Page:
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Forum topic by newbiewoodworker posted 09-10-2010 01:11 AM 3525 views 1 time favorited 4 replies Add to Favorites Watch
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newbiewoodworker

668 posts in 2294 days


09-10-2010 01:11 AM

Okay, so my folks want me to put my woodworking to use for them: They want me to refinish the kitchen table… I plan to charge my father for the cost of materials(danish oil and poly I imagine) and maybe a little more… after all, I am the one buying the blades and stuff..

The issue: How is the best way to sand a routed edge? I unfortunately only have my two hands and a belt sander(portable) at my disposal for sanding. And I dont have a router. The edge appears to be a round over, but not flush with the top, so that makes me uncertain. And I certainly don’t want to botch the table..

Second, is there a good way to ensure that everything is sanded to the same depth? The pieces are a tad too wide to run through my planer, so thats out of the question… besides.. my luck it would kick, due to the edges…

-- "Ah, So your not really a newbie, but a I betterbie."


4 replies so far

View Kindlingmaker's profile

Kindlingmaker

2656 posts in 2993 days


#1 posted 09-10-2010 02:02 AM

Without photos I might suggest using a chemical paint remover then hand sand. Refinishing is time consuming but with care you will have an outstanding final piece.

-- Never board, always knotty, lots of growth rings

View Dan Lyke's profile

Dan Lyke

1510 posts in 3592 days


#2 posted 09-10-2010 02:29 AM

For the routed edges: Unless you can afford a linear sander (I have Porter Cable’s, I don’t recommend it, I lust after Festool’s), take a block of balsa. Use spray adhesive to attach sandpaper to your profile edge. Sand the balsa on it ‘til you get a negative of that edge. Peel off the paper, and use spray adhesive to attach sandpaper to the balsa. Now you have a sanding block that should hold that edge fairly accurately.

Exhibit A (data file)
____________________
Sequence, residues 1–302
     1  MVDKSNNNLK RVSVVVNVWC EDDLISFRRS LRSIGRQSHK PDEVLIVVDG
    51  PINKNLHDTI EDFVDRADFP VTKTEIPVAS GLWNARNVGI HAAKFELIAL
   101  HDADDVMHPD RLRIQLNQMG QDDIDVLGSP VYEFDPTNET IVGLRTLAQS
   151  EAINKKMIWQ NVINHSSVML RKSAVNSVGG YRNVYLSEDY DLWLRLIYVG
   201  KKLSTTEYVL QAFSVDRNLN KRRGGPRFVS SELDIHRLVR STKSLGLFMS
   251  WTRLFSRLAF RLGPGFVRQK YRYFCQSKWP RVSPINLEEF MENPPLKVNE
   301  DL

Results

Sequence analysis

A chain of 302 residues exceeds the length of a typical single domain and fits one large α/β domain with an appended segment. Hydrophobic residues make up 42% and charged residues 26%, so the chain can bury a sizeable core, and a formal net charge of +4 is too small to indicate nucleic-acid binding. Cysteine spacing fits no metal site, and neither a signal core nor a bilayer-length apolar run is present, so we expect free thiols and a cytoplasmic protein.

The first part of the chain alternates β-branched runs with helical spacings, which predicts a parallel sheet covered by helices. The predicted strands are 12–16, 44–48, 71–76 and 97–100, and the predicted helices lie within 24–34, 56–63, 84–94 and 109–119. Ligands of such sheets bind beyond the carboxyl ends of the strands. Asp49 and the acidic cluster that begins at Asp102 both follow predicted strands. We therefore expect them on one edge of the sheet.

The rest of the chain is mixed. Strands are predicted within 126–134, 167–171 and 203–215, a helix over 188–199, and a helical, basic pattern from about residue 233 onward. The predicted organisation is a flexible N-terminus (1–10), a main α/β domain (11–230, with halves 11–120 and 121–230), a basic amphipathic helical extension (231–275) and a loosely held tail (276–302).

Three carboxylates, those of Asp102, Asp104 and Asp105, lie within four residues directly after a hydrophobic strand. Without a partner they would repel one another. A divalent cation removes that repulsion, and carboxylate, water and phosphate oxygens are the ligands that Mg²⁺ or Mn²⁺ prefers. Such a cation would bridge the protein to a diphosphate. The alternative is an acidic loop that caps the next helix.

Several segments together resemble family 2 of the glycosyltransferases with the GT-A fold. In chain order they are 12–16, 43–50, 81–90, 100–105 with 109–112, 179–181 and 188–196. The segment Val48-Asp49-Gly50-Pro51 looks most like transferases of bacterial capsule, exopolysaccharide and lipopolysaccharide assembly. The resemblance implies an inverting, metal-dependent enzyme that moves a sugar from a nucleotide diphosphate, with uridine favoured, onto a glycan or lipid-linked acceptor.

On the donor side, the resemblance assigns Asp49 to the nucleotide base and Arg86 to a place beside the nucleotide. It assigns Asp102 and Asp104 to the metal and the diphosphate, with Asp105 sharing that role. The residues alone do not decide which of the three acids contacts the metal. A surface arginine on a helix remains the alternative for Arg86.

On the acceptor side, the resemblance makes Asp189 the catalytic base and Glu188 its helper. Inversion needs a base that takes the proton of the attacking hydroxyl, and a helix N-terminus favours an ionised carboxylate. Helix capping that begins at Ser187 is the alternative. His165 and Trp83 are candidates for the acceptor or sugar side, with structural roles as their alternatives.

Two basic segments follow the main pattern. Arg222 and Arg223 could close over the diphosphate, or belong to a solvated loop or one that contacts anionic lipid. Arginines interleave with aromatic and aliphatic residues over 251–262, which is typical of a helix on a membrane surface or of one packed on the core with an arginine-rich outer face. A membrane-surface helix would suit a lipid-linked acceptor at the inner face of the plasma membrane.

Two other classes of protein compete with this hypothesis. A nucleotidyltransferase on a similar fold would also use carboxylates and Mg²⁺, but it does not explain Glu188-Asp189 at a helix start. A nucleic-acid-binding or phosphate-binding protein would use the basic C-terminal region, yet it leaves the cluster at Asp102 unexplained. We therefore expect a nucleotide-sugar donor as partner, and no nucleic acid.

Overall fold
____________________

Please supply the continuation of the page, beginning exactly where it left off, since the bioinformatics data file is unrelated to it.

Or, if you can match the roundover, re-route it! Cut as shallow as you can, and cut with the bit. Even though that’s harder to control you’ll get a smoother edge, and should be doable if you’re only pulling 1/32nd or less.

I’m with kindlingmaker on a chemical stripper first.

And I’d think that belt sander would be way too aggressive, I’d stick with the hand sanding unless you’ve got a random orbital sander for the top.

-- Dan Lyke, Petaluma California, http://www.flutterby.net/User:DanLyke

View RichClark's profile

RichClark

157 posts in 2897 days


#3 posted 09-10-2010 02:29 AM

And wood type also helpful…

Are you just “trying to renew” the top? or start over from scratch? If they are unhappy with dullness/ dings and perhaps repairable heat/water marks you may get away with just figuring out the original finish an depending on what it is re-level it and start over… Many “dings” can be lifted by adding steam and heat. Water marks depend on the finish but are repairable… Heat marks can be mended by remelting the finish with the proper solvent. If the top actually got burnt then see below… There are allot of great Online articles on repairing finish.

But “refinishing” starts with striping… while its still a bit warm do it outside so you don’t get the fumes all over the house/shop… You need to “determine” the Finish… If the table is newer then It may be a poly and for them ya have to use a stripper. Use a scraper to clean it up and the sanding will be to a minimum. If the wood is natural (not stained) I imagine your only going to really care about the “top”?

As far as the routed bit… again carefully scrape it with a corner of a straight scraper then you could use a profile scraper. They sell them in sets for like 10-15$ at woodcraft. You get 3-4 scrapers with inside/outside arcs that you play with to find the fit and scrape those also.

If your diligent with the scraping you will have little sanding to do.. You may have to repeat the area’s where allot of finish may have pooled, to get it all up.. don’t worry about the wood as It could care less.

The hard part may be later when you find out its really not solid wood and but a veneer.. That is why a sand hogging belt device may not be a great idea till your sure what ya got… Not allot of recent furniture is really solid wood.

Riche

-- Duct Tape is the Force! It has a light side and a dark side and it Binds the Universe together!

View canadianchips's profile

canadianchips

2361 posts in 2464 days


#4 posted 09-10-2010 02:57 AM

I use a chemical stripper. My next step is lgihtly sand by hand. Stain to whatever color you choose. I like to finish my tables with a Polish. Coat of polish, steel wool, polish,steel wool, polish, steel wool, Polish. It really depends on the type of wood.

-- "My mission in life - make everyone smile !"

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